U.S. and China to Kickstart Export Financing Talks
Feb. 16 – The United States and China agreed on Tuesday to jointly work on setting guidelines for export financing, an area in which countries often compete fiercely to win an advantage for their own domestic export markets.
Washington and Beijing plan to establish an international working group that will also include other major government-backed export credit agencies (ECAs). They aim to reach an agreement by 2014, according to the White House.
The two countries agreed to make “concrete progress towards a set of international guidelines on the provision of official export financing that, taking into account varying national interests and situations, are consistent with international best practices.”
With the Obama administration’s bold promise to double the country’s exports within five years ever in mind, the U.S. government has raised concern over China’s aggressive export financing practices in recent years. Although China’s official ECA the Export-Import Bank of China (China Exim Bank) did not specify the size of its total export financing in its 2010 annual report, the bank disclosed that its total loan issuance had achieved RMB707.6 billion (US$112 billion) by the end of 2010. This figure is around 4.6 times more than the U.S. Export-Import Bank’s total export financing in 2011, which combines various financial instruments such as loans, guarantees and export-credit insurance.
In a recent letter to members of U.S. Congress, several U.S. business entities – including the National Association of Manufacturers and the U.S. Chamber of Commerce – estimated that China provides 11 times as much export financing as the United States.
One of the reasons that China is winning more export deals is that it is not so much restricted by international regulations in the area. The world’s second largest economy is still not a participant in the “Arrangement on Guidelines for Officially Supported Export Credits,” a pact of rules regarding the use of government export credits under the Organization of Economic Cooperation and Development.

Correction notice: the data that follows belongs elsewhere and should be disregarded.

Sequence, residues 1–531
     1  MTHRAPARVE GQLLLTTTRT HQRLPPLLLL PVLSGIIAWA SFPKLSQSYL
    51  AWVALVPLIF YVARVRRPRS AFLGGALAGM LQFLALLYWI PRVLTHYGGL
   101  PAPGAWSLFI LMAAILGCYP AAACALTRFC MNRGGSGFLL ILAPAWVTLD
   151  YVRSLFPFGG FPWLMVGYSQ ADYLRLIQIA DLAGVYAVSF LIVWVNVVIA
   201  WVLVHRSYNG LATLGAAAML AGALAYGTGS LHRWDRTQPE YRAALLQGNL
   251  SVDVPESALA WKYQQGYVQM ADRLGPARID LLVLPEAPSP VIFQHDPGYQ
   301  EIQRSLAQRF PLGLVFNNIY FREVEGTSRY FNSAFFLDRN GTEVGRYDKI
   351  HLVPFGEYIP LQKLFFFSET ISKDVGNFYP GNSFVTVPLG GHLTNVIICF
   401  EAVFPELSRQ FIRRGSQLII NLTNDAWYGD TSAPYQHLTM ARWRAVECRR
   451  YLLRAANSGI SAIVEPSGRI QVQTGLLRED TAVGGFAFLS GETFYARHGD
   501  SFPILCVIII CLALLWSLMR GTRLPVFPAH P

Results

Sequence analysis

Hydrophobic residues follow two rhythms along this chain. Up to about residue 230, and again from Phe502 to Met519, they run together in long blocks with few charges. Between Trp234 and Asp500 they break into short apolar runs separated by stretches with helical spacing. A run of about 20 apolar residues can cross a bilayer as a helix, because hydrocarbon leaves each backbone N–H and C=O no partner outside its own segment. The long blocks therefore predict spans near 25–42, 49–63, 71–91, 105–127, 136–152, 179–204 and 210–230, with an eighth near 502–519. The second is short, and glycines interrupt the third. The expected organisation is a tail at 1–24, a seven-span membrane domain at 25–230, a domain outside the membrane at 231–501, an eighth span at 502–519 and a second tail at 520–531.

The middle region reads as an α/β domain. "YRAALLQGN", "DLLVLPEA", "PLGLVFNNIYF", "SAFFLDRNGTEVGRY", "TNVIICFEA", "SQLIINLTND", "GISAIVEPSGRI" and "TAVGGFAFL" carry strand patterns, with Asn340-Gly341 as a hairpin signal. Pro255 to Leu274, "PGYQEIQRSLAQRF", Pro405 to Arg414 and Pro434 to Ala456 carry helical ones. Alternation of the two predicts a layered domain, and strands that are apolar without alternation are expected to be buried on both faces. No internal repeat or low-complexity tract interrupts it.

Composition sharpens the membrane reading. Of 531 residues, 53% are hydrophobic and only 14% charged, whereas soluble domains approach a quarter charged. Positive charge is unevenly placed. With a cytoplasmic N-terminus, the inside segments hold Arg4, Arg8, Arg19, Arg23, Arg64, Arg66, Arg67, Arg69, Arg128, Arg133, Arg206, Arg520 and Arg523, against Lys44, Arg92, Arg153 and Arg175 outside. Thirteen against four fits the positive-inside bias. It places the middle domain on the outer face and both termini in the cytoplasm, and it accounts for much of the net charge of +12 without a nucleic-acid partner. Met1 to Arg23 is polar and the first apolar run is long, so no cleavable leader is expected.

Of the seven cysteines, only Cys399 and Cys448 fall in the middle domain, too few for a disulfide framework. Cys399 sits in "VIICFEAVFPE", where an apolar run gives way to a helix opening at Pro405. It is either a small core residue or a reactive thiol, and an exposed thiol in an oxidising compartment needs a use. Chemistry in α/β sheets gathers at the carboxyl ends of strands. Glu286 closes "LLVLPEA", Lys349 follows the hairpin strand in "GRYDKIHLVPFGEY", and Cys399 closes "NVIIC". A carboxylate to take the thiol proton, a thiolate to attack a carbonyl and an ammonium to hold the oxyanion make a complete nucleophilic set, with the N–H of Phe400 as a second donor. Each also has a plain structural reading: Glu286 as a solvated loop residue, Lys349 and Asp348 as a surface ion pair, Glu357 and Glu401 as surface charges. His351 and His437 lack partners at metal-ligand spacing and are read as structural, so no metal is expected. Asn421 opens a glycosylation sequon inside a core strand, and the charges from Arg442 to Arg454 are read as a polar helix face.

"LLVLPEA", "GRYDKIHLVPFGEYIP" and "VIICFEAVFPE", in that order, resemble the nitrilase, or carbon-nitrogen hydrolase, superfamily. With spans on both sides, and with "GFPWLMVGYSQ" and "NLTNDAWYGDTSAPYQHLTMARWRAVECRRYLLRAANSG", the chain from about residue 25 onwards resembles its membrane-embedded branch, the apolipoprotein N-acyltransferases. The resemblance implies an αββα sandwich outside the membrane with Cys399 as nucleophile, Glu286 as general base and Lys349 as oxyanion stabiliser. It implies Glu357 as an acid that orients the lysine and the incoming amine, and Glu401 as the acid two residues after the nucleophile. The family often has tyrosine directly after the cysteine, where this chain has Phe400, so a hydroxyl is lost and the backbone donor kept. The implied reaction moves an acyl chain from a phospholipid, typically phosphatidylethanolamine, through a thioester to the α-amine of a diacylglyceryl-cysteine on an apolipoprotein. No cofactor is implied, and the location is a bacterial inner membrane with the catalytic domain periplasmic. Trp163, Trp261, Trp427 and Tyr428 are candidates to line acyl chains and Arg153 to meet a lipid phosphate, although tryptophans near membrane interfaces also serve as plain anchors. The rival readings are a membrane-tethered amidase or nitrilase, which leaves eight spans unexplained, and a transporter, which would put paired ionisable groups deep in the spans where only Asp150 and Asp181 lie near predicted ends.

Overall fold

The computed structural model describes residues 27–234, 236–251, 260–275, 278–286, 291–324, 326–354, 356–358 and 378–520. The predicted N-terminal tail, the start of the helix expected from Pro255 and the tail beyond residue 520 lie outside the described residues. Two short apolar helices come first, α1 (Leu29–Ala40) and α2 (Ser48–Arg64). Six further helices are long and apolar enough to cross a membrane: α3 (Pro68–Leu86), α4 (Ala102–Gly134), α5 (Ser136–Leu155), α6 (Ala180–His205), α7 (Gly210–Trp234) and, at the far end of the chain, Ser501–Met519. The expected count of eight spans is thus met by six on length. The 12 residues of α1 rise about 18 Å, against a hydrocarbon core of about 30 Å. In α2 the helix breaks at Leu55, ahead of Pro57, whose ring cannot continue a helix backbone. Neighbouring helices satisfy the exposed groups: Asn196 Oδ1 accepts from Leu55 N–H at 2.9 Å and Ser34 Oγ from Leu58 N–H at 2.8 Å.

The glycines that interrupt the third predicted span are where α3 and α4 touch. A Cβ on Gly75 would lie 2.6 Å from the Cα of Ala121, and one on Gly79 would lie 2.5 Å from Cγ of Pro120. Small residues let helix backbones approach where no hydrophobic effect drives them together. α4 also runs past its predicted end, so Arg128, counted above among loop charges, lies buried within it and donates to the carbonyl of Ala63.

The lack of regulatory restrictions allows Beijing to gain more flexibility in its export financing policy. It can provide more preferential terms than other lenders for deals that are critical for its national interests, while offering terms that are closer to international standards for deals that are less politically sensitive. It also tends to impose less onerous transparency conditions.
China’s powerful export machine and its flexible policies have barred global exporters from competing on a level playing field; international buyers make decisions not only based on the pricing and quality of the exported goods, but also on the extent of financial support they obtain.
“They are winning deals in part because they are not playing by the rules,” said U.S. Exim Bank Chairman Fred Hochberg in an interview last year. “We’re not going to sit idly by and let you buy business. We will compete and make sure you stand toe to toe with American companies and American workers.”
The exclusion of China from the international export financing guidelines has forced the U.S. Exim Bank to take action in an effort to counterbalance the Chinese policies. Early last year, the bank agreed for the first time to match Beijing’s cheaper financing terms to get the Pakistan government to buy 150 locomotives produced by General Electric.
U.S. business groups believe such matching to Chinese terms is the best way to prevent China from undercutting others and force it to finally follow internationally accepted rules. They are in support of the U.S. Exim Bank’s reauthorization in Congress this year, hoping the agency can play a larger role in protecting “billions of dollars in U.S. exports and thousands of American jobs.”
Looking beyond the competition in pure business interest, one more fact that may be worrying to the Americans is that China is using its undisciplined trade financing tools to expand its political influence around the world. For example, half of the US$20 billion loan China offered to Venezuela was denominated in RMB, revealing Beijing’s intent to further internationalize its local currency and reduce reliance on the U.S. dollar. Such loans can also help China win more support in developing countries, especially at a time when loans are hard to come by due to the current economic downturn facing many Western countries.